Gay for a day

 
 

In light of recent incidents in Belfield, Natalie Voorheis questions whether UCD offers an accepting environment for gay people.

Recently a homosexual couple was asked to stop being intimate by a member of security in the Forum Bar at a Literary and Historical Society (L&H) event. The position of members of the gay community within the student body has been thrown into doubt and many students have expressed anger and concern over the incident. Many students are asking whether UCD is actually as accepting of the gay community as we perceive it to be.

Throughout history many people have campaigned and fought for the right of homosexuals to be accepted, treated equally and valued. A recent film, Milk, highlighted the plight of one of these pioneers, Harvey Bernard Milk, an American politician in the 60s and 70s who was the first openly gay man to be elected to public office in California. Milk became a role model for his generation. Under his influence the United States began to become more open to the gay community. Tragically Milk was assassinated in 1978 but has become a martyr for gay rights.

Another landmark was reached in 1988 when an eight year long legal battle ended in Washington where Georgetown University agreed to give homosexual student groups the same privileges as other student groups on campus.

31 years after Milk’s assassination and 21 years after the end of the legal battle with Georgetown University the struggle for gay rights is still as topical as ever. Every new generation likes to believe that they have moved on from the dated opinions and actions of their predecessors but how far has society really come if a same sex couple cannot even kiss each other on a student campus in a relaxed social setting?

Nursing student, Alice Byrne spoke to The University Observer about the issue explaining, “I think that UCD is undoubtedly accepting of gay students. In my classes the people who would be gay or lesbian wouldn’t be treated any differently from anybody else… Amongst my peers anyway we don’t judge a person by who they are physically attracted to we judge them by who they are.”

“Amongst my peers anyway we don’t judge a person by who they are physically attracted to we judge them by who they are”

The use of phrases such ‘gay’ and ‘bent’ amongst the student community is both common and controversial. Many students will use the terms lightly in a context such as expressing distaste at something. This is, without doubt, a thoughtless use of the terms but is so common that many students never think twice about it.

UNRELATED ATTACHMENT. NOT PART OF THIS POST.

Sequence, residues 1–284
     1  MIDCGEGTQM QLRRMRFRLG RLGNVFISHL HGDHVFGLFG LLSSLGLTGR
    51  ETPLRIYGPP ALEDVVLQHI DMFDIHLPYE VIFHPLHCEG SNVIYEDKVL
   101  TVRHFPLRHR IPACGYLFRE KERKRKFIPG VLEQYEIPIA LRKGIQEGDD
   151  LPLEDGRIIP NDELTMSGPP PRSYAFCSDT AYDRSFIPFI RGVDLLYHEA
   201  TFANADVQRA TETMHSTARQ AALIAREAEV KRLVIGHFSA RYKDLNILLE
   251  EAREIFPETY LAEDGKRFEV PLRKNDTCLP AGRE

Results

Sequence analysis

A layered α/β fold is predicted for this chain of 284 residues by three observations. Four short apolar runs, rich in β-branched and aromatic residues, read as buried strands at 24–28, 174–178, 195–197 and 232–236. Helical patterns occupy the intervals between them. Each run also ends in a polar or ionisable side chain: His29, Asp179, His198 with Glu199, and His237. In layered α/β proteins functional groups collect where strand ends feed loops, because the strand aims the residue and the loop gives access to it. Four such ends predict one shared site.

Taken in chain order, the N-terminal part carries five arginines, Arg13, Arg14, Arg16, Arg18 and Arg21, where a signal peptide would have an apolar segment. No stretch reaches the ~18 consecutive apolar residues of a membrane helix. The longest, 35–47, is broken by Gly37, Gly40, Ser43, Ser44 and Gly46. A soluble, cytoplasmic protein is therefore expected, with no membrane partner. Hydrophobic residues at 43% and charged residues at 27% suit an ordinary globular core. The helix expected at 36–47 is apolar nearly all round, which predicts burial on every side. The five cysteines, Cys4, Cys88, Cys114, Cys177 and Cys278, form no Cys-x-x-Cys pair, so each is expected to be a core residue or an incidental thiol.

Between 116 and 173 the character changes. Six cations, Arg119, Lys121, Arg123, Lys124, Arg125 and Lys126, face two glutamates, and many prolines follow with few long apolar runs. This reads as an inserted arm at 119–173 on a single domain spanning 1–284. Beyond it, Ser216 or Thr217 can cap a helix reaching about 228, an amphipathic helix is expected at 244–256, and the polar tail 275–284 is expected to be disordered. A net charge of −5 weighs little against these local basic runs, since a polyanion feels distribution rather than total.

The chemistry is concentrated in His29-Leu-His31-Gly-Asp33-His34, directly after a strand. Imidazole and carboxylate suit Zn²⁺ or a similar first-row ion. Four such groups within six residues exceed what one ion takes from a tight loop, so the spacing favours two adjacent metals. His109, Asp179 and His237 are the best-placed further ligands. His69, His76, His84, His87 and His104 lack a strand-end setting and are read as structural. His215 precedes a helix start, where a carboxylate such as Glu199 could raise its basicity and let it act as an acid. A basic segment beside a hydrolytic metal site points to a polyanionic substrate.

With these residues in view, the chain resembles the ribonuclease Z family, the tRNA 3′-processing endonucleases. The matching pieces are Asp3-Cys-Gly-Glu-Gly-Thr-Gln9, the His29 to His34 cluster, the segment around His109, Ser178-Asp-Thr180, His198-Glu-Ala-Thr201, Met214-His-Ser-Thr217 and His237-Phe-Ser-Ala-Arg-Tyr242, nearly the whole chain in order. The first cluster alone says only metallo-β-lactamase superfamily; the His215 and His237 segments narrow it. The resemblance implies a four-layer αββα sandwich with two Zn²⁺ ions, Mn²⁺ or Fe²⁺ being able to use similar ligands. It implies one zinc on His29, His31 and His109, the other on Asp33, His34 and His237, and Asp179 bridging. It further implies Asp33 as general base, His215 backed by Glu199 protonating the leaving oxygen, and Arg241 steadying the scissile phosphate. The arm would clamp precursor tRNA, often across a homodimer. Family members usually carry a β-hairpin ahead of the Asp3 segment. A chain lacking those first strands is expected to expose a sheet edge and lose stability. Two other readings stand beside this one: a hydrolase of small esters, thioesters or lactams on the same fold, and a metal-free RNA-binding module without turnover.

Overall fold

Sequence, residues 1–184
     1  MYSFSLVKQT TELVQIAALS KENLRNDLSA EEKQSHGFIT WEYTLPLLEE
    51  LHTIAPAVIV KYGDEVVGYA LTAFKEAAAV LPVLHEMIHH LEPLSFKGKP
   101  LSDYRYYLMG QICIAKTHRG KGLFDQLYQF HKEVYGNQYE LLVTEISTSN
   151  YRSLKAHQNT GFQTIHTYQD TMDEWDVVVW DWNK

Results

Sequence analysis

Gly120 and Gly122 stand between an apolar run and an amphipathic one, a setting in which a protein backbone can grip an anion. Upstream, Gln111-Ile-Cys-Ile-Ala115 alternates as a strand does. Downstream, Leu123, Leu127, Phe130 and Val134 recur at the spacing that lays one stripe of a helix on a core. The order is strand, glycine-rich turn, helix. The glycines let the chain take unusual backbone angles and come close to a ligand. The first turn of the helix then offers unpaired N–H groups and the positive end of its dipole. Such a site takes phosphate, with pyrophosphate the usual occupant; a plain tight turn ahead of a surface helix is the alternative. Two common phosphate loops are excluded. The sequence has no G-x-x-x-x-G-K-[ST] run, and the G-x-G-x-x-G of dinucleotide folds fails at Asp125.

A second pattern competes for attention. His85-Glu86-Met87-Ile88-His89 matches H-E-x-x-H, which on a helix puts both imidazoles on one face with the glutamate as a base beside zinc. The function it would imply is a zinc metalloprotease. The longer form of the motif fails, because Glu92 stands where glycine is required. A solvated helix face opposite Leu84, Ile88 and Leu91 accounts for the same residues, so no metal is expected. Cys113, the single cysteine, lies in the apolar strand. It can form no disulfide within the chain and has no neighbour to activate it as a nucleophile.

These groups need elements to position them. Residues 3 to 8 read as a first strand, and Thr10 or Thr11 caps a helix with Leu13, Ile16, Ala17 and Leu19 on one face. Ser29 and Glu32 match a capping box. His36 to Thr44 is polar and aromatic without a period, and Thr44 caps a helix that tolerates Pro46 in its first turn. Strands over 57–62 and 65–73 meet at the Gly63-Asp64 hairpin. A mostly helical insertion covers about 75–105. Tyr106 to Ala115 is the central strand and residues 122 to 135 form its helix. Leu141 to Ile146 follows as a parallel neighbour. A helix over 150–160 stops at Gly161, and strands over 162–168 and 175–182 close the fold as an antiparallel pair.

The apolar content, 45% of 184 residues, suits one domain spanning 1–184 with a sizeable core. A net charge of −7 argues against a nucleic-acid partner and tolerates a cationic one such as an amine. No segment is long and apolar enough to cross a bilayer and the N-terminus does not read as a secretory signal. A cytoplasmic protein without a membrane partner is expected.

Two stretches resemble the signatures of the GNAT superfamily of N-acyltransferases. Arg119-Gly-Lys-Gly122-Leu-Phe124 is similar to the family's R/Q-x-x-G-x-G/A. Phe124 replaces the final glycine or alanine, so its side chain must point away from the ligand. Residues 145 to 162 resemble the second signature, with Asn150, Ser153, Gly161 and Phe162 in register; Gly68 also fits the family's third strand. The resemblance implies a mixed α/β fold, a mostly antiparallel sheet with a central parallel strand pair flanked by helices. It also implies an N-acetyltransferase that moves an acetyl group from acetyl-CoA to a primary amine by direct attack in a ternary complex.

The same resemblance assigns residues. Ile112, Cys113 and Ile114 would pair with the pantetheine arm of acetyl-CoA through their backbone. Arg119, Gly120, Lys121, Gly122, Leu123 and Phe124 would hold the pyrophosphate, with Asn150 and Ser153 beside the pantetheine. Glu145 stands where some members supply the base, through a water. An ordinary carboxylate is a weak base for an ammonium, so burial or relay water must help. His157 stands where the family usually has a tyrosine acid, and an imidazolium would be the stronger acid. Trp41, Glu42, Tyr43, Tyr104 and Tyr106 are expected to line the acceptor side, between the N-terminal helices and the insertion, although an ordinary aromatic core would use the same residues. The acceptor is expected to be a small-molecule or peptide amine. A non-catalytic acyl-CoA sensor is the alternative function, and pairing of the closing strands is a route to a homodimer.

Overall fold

When asked if she used the terms and how she felt about using them Byrne answered, “Yeah I do use those terms, I don’t like the fact that I use them because it is derogatory of an entire group of people but I don’t know, I find that it is engrained into my vocabulary just because it is so commonly used. I think in some ways that it’s a bit of a shame that that is an acceptable thing to say. Negative connotations have been put on the word gay by the way we use it but it should be positive and accepted.”

This appears to be common practice for many UCD students, but how does this serve to subconsciously ostracise gay people on campus? Lesbian, Gay, Bisexual Transgender (LGBT) Rights Officer and former LGBT Auditor, believes that negative incidents appear to be isolated. She was keen to express that until now LGBT members have always felt safe and at home in the Forum Bar where LGBT society events are regularly held.

Finlay explained, “I was very surprised to hear about that thing in the Forum Bar because I know myself as well as loads of other LGBT people I know have been kissing their partners in the bar and have never got any hassle about it but obviously this is last year before Pulse Security came in.”

Although the actions of the security team seem to represent a campus where authorities are not always accepting of gay couples, Finlay pointed out that this was not in line with the actions of the wider student community. Although Finlay mentioned a handful of minor incidents where the LGBT was targeted, such as posters being ripped down, she did not lay much importance on this and spoke positively about student perceptions of LGBT members.
“I know myself I’m totally comfortable walking around campus holding hands with another girl and I know that other people are too… There are quite a large percentage of gay students here proportional to the fact that we are the biggest university in the country… I think on the whole it’s okay to be gay here.”

Although Finlay does not feel the wider student community are generally actively against about gay couples on campus she did express concern at misconceptions held by students and the stereotyping of LGBT members as a result of this. “There is the perception that, for example, all lesbians have really short hair or that all gay men are a feminine and camp.”

Finlay aims to tackle these attitudes in workshops about stereotyping held as part of Rainbow Week. With events such as this running, perhaps UCD as a whole will grow to forget even the isolated incidents of prejudice and stand up and say ‘its okay to be gay!’.

Fact Box:
• Famous writer Oscar Wilde was imprisoned for being homosexual. He was convicted of “gross indecency” with other men and served a sentence of two years hard labour.
• Same sex marriage is not and has never been recognised by the Irish Government but this was contested
• The first openly gay man to be elected to public office in Ireland was Senator David Norris. Senator Norris challenged the Irish government’s position on homosexualty and won. Homosexuality has been legal since 1993.

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